Another benefit of timed increments is that if it rang in the middle of a sentence, sometimes I wouldn’t finish the sentence, but merely stop in the middle of my thought. I would highlight the words in another color to help me find it when it was time to come back. It sounds counterproductive, but I’ve found that when I stop midway through an idea, it’s easier to go back to it for the next increment in time. I always had something in the works and I wasn’t looking for inspiration to strike.

Daily Word Goal

The Nanowrimo site provides different graphs to help keep you motivated. In order to meet the 50,000 word goal by November 30th, you have to write 1,667 a day. Depending on how much you write your goal for the next day fluctuates with the number of words you need to write in order to meet your goal by the end of the month. There are also two other graphs to help motivate you: your overall progress graph and your daily word count graph.

Watching my daily word goal get smaller with each passing day encouraged me to keep writing more. I really like watching my ring close on my daily word count. And on the days that I could only get a few hundred words I still felt accomplished. Even minimal forward progress is still progress,

Write with the Door Closed

In his book On Writing, Stephen King gives the advice to write with the door closed. He suggests getting all the words and ideas down before sharing them with anyone else. There are many Nanowrimo groups where you can ask questions and pick someone’s brain. Ask questions that help you lead to character development, to find the right word, to describe the scenery, but don’t use Nanowrimo time to share pages of your writing to make big changes.

Save the Editing for When it’s Done

The idea behind Nanowrimo is to attempt to write a book or at least 50,0000 words by the end of November. Save the editing for when it’s over. The purpose is to move forward and get the words and ideas down on paper.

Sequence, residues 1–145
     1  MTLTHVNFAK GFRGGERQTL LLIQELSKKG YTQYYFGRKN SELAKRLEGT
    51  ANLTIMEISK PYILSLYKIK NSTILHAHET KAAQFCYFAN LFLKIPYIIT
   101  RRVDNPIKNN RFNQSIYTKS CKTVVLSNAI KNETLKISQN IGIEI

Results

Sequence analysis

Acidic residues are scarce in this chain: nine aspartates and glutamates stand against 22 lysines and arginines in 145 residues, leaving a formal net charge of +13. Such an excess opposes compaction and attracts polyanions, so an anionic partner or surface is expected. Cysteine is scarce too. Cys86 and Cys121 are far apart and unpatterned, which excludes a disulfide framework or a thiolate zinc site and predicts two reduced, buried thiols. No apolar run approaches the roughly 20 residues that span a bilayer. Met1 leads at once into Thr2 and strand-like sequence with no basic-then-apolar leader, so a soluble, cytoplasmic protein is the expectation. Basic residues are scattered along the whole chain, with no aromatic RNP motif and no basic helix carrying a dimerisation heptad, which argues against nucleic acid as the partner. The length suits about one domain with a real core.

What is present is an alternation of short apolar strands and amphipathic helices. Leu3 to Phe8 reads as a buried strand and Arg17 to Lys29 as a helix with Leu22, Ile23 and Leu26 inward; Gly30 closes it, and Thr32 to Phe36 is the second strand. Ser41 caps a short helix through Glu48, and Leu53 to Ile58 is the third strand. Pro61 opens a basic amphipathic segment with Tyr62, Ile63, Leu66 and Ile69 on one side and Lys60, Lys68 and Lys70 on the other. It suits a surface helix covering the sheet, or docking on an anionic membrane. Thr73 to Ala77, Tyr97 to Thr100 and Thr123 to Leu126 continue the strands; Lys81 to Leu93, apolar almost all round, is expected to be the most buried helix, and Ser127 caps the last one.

By participating in Nanowrimo this year I gained the following:

  1. Daily writing habit
  2. Writing became a priority on my to-do list
  3. Because I took the time to write everyday the ideas started to come more easily.
  4. My writing improved over all. Comparing the pages that I wrote at the beginning of the month to the those I wrote closer to the end shows my growth as a writer.
  5. The muse was able to find me more easily as I made time to write at the same time day after day.

For years I had watched Nanowrimo from the sidelines. In 2019 I hesitantly participated but lacking the confidence, I had a harder time getting my ideas on paper. After dedicating time to write articles and essays for over a year, I decided to give Nanowrimo another try. I had nothing to lose and everything to gain. The only way to get my ideas out of my head was to put them on paper. All of my excuses revolved around the lack of time. Nanowrimo gave me a reason to make the time. Even with four kids home full-time logging on for distance learning (thanks, COVID), I was still able to participate and win. The event is free and the only person you disappoint is yourself. No one cares what you write or how much you write. It’s the honor system. But there are hundreds of people who will cheer you on along the way as you share your progress, your triumphs, and your frustrations. It’s the most wonderful time of the year.